As a health care provider, the patient is always your main concern. Of course, the care you provide is also guided by laws and regulations. While some of these laws and regulations can make the jobs of doctors, nurses, pharmacists and other providers more complicated, we can all agree that the majority of them help ensure that patients and health care professionals are protected and everyone can access the same high-quality medical care when it’s needed.
When Translation is the Law
An example of a legal requirement that benefits health care professionals and patients alike is the need to translate vital documents into the languages most commonly found in the area where a hospital or clinic is located. There are six vital documents that must be translated according to law.Title IV of the Civil Rights Act of 1964 prohibits discrimination based on national origin (among other things) by any organization receiving federal funding. Failure to provide necessary documentation in a language the patient can thoroughly understand can be considered discriminatory under the CRA. In 1997, the specific requirements for translation were clarified through the Critical Access Hospital Program, which focuses on those hospitals in areas of the country where the percentage of LEP patients is higher and the relative number of adequate care facilities is low.
Six Vital Documents that Must Be Translated
According to these guidelines – which provide an excellent benchmark against which every hospital and medical practice can judge its own limited-English-proficient (LEP) language access protocol – there are six types of documents considered “vital” that must be made available in the languages common in the community where the facility is located:
Federal regulations set up and monitored by the Office for Civil Rights (OCR, part of the Department of Health and Human Services) require that these document types be translated for every “LEP language group that constitutes 5 percent or 1000 persons – whichever is less – of the population served.”
In some cases, state requirements are more stringent. For instance, in New York State, the law requires translated documentation for "LEP groups comprising more than 1 percent of the hospital service area.”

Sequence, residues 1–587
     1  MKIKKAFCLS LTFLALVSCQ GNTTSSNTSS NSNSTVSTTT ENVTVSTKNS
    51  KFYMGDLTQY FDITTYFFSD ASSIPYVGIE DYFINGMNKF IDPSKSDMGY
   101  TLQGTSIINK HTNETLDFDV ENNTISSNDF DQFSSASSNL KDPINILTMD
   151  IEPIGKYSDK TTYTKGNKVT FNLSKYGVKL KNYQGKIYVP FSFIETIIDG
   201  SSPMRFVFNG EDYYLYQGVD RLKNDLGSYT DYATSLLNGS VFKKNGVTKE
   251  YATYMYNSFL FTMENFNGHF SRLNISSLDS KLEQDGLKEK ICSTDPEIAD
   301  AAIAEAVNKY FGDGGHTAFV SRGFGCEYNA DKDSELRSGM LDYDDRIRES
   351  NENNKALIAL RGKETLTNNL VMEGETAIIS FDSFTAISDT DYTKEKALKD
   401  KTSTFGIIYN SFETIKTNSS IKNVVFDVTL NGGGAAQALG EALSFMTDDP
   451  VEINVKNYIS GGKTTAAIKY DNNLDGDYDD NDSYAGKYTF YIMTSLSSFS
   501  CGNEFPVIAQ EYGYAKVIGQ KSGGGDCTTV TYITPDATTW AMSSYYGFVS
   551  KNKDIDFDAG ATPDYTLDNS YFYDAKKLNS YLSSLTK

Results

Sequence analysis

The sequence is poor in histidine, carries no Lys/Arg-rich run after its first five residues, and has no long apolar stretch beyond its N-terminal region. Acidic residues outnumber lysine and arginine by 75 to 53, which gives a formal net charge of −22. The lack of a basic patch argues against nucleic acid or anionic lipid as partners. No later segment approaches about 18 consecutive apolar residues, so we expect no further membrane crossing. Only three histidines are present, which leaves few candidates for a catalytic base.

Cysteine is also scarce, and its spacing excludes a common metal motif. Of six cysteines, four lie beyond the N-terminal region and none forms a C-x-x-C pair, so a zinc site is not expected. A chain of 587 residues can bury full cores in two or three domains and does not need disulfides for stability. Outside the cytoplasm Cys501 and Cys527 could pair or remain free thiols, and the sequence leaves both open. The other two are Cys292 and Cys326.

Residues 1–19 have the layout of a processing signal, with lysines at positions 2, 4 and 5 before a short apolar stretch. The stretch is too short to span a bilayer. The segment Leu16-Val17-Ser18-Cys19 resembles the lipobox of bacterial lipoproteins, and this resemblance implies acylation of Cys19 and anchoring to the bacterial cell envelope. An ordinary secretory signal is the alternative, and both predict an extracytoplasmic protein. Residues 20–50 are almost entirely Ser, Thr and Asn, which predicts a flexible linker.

Section 1557 Requirements
Like the Civil Rights Act, Section 1557, the nondiscrimination provision of the Affordable Care Act, also requires organizations that receive federal funding to take reasonable steps to include the provision of language assistance services, including written translation. However, Section 1557 sets a new requirement that translators be qualified. Under Section 1557, organizations must now also post notices of nondiscrimination and taglines in the top 15 languages spoken by individuals with LEP in that state that indicate the availability of language assistance.
Covering Major Touchpoints in the Patient Experience
The list of vital document categories provides thorough coverage for a patient from triage to discharge and beyond. Every major touchpoint of the patient’s journey is included. The following graphic illustrates examples of specific forms that would fall into these categories and the touchpoints to which they connect.
Who Should Handle the Translation?
In some cases, hospitals have utilized bilingual staff to translate these and other documents into Spanish or other common languages in the areas where they serve. But is this the smartest strategy? Is the bilingual staff member indeed qualified to translate as required under Section 1557?
What if the resulting translation is not perfect? What if a slight error results in a miscommunication or completely faulty instructions being provided? Could your patient’s health or even life be at risk?
To avoid frustration, costly legal issues, and dangerous health outcomes, many health care facilities have opted to contract with a professional translation service using qualified translators to handle the translation of vital documents into necessary languages to serve the LEP patients that rely on them for care.
Doing so ensures that the patients receive the information they need to participate in their own treatment and make the most of the doctor’s instructions. And, it frees up health care professionals to focus on their top priority – caring for the patient – without having to worry about unintentional miscommunications getting in the way of adequate care.